It seems appropriate to suggest that girls may have higher absentee rates than boys in PE in high school as shown in a study by Lagestad et al. (2015). However, that study did not examine absentee rates among genders in connection to different study programmes and gender differences. Research has shown that students focusing on general studies generally have higher marks than students in vocational subjects (Støren et al., 2007), and that they respond more positively to physical activity (Rørvik, 2009). However, we do not know how absentee rates vary among the two study programmes. Statistical data have revealed that a large gender difference exists between study programmes in high school, with some programmes consisting of more than 90% girls and others consisting of more than 90% boys (Markussen, 2003; Støren et al., 2007). As we will discuss later in the text, collective factors such as different acknowledgement of physical capital may vary among girls and boys.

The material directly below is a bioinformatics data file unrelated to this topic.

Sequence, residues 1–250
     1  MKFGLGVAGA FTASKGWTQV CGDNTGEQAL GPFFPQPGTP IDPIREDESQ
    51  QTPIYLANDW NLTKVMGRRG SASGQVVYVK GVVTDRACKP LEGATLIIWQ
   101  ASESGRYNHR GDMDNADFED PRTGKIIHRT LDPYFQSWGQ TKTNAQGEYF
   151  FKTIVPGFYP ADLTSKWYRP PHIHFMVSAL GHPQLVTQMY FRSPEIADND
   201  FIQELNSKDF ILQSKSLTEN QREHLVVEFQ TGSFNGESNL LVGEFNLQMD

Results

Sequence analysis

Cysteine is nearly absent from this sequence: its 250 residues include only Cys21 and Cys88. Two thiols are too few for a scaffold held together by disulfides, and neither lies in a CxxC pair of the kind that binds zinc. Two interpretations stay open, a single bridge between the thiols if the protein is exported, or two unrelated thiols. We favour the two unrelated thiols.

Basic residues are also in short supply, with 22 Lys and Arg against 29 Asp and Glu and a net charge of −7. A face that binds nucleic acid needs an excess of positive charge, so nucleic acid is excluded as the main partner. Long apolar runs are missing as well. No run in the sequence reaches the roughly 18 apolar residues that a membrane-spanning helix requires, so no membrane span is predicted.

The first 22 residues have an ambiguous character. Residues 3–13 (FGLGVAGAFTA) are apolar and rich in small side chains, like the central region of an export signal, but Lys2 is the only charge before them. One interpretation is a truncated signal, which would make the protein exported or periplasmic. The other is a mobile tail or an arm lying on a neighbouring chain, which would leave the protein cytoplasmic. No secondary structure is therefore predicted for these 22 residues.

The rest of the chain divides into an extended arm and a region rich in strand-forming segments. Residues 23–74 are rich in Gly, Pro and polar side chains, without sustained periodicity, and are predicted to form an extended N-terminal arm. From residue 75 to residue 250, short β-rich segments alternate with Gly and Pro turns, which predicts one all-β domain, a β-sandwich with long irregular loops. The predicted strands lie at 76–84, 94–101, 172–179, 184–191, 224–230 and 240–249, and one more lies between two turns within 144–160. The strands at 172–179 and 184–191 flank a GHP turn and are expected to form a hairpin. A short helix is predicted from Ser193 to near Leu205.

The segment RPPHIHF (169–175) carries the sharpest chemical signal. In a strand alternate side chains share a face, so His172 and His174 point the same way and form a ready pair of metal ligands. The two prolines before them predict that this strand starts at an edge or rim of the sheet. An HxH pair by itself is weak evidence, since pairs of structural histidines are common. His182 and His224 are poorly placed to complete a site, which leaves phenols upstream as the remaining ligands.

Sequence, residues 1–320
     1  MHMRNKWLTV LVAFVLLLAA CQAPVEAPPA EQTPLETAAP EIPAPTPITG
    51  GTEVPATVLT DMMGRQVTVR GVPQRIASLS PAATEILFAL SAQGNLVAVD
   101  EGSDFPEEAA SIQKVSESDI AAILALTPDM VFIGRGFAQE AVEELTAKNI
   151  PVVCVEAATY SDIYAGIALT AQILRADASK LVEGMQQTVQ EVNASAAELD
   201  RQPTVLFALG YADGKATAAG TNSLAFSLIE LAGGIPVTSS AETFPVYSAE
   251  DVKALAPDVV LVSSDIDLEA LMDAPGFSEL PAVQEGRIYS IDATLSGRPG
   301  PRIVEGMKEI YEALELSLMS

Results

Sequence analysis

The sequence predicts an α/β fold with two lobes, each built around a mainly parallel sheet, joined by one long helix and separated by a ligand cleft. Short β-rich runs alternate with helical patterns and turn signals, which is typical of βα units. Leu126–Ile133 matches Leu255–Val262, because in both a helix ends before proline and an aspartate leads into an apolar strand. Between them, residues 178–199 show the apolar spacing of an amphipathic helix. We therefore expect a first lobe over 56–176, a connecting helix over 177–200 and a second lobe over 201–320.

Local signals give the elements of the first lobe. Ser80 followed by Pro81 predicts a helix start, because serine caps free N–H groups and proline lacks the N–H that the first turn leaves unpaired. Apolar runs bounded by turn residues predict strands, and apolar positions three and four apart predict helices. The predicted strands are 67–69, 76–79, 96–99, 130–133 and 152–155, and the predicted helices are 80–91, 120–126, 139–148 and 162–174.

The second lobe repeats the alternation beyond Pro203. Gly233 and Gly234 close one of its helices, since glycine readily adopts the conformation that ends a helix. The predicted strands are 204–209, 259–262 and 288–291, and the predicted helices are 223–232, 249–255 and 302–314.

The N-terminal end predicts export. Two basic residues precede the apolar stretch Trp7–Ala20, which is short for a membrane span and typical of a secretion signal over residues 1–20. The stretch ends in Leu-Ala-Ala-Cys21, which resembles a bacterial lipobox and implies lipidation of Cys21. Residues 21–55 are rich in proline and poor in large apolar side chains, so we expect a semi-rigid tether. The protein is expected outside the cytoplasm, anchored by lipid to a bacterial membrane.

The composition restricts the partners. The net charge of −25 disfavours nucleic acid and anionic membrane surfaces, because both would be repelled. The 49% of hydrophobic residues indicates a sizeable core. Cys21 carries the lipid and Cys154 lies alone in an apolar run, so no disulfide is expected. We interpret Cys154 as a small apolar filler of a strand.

Identifying groups with high absentee rates makes it possible to implement actions towards the student groups that need it most. Schools represent the ideal arena for educating the youth to adopt and maintain a physically active lifestyle because attendance is mandatory, unlike sports settings. The previous discussion points to the importance of not only exploring gender and study programme in relation to absenteeism, but also investigating collective factors associated with being in the programmes with mostly boys or mostly girls. The Department of Education in Nordland County, Norway (Utdanningsavdelingen, Nordland fylkeskommune) has a data register (TP system) where information about high school students is saved. This database made it possible to examine the student absentee rates for all students at the 17 high schools in Nordland County. The aim of the study was to examine how absentee rates varied among female and male high school students, as well as how those rates varied between genders in different programmes.